There are quite a few different templates available out there on the internet (oh, internet, how I love you), but I settled on favourites from three places:
To see some more designs, as well as lots of other great vintage images, check out my Pinterest board Free Graphics.
Once you’ve selected your pictures, just print them out and cut them to size (I did this with a craft knife and ruler, which shows the level of care I give to my books, where I would normally just stick to good ol’ scissors).
As these were a present, I decided to make some cute little envelopes to house each of the sets. I made a basic template and then cut each envelope from cardstock and glued together.
As a final touch, I traced round the envelope tip and cut a liner out of some printed out hat images. (Which you can find here on Vintage Printable, if you’re inclined to do the same…)
I then stuck a bookplate to the front, so you know exactly what’s inside in each envelope.
And held each set of four envelopes together with ribbon.
I’d love to say this was really quick to make, but actually the envelopes and all the finishing touches took a little while. But hey, the devil’s in the detail, right?
Of course, you’ll also need some glue (or double-sided sellotape) to put the bookplates inside the books once you want to use them.
Simple, inexpensive and sure to put a smile on the face of any booklover (especially my eight-year-old self)…
Yes, if you’ve checked in to these parts before, you’ll know I have a great love of projects that use vintage images. Here are a few more:
When I moved south of the river last September (I mention this move a lot, don’t I? I clearly haven’t quite come to terms with being a South Londoner yet), I was somewhat disappointed to discover that there was not a single second hand bookshop in walking distance from my house.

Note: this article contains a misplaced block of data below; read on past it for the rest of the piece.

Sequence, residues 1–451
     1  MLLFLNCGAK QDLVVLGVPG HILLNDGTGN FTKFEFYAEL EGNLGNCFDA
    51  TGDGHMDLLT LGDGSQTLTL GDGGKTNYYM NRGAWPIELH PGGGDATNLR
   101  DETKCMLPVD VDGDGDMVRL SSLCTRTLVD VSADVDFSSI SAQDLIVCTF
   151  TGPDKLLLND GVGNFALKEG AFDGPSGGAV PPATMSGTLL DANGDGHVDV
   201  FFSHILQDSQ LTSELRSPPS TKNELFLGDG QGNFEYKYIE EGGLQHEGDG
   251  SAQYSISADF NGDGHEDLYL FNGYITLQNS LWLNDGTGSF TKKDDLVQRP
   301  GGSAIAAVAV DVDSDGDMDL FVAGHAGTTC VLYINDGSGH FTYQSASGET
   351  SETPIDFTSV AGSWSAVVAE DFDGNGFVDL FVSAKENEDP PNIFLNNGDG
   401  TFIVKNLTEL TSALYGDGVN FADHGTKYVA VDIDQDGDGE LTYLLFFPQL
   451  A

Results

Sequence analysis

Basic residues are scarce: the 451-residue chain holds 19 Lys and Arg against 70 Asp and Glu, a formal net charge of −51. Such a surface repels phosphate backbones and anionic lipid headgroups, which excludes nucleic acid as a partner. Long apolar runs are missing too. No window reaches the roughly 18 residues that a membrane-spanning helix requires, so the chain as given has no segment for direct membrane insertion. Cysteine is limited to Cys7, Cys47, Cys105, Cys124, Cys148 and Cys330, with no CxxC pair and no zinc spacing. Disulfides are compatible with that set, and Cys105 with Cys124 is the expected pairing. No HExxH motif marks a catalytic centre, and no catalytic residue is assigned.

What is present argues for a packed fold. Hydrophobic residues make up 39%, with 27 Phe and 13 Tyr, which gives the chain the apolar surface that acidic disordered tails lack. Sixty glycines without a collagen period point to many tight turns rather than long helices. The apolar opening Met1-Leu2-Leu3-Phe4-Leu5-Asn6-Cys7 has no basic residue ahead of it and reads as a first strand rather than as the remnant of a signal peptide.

Yes, I have two amazing independent book shops, so I’m not really complaining, but what with the whole maternity leave, not-earning-any-money malarkey, I did miss the brilliant, cheap second hand bookshop on Stoke Newington Church Street.
So, you can but imagine my delight to discover a teeny, tiny second hand shelf in Rye Books. (Which is, itself, something of a tiny, but absolutely excellent bookshop.)
Whatever delight you originally imagined, now double it, nay treble it, nay multiply it by a hundred, because this was what I found on said shelf:
Knitting in Vogue, volume 2, from 1983. “Patterns from the ’20s to the ’80s for men and women.” And all fronted by what seems to be a dewy looking Andie MacDowell in a pastel pink number. Perhaps she knitted it herself?
Want to take a look inside? Of course you do…
The inside cover shows you how well-represented the 1980s are going to be, with this fetching pair in their fetching polo-necks: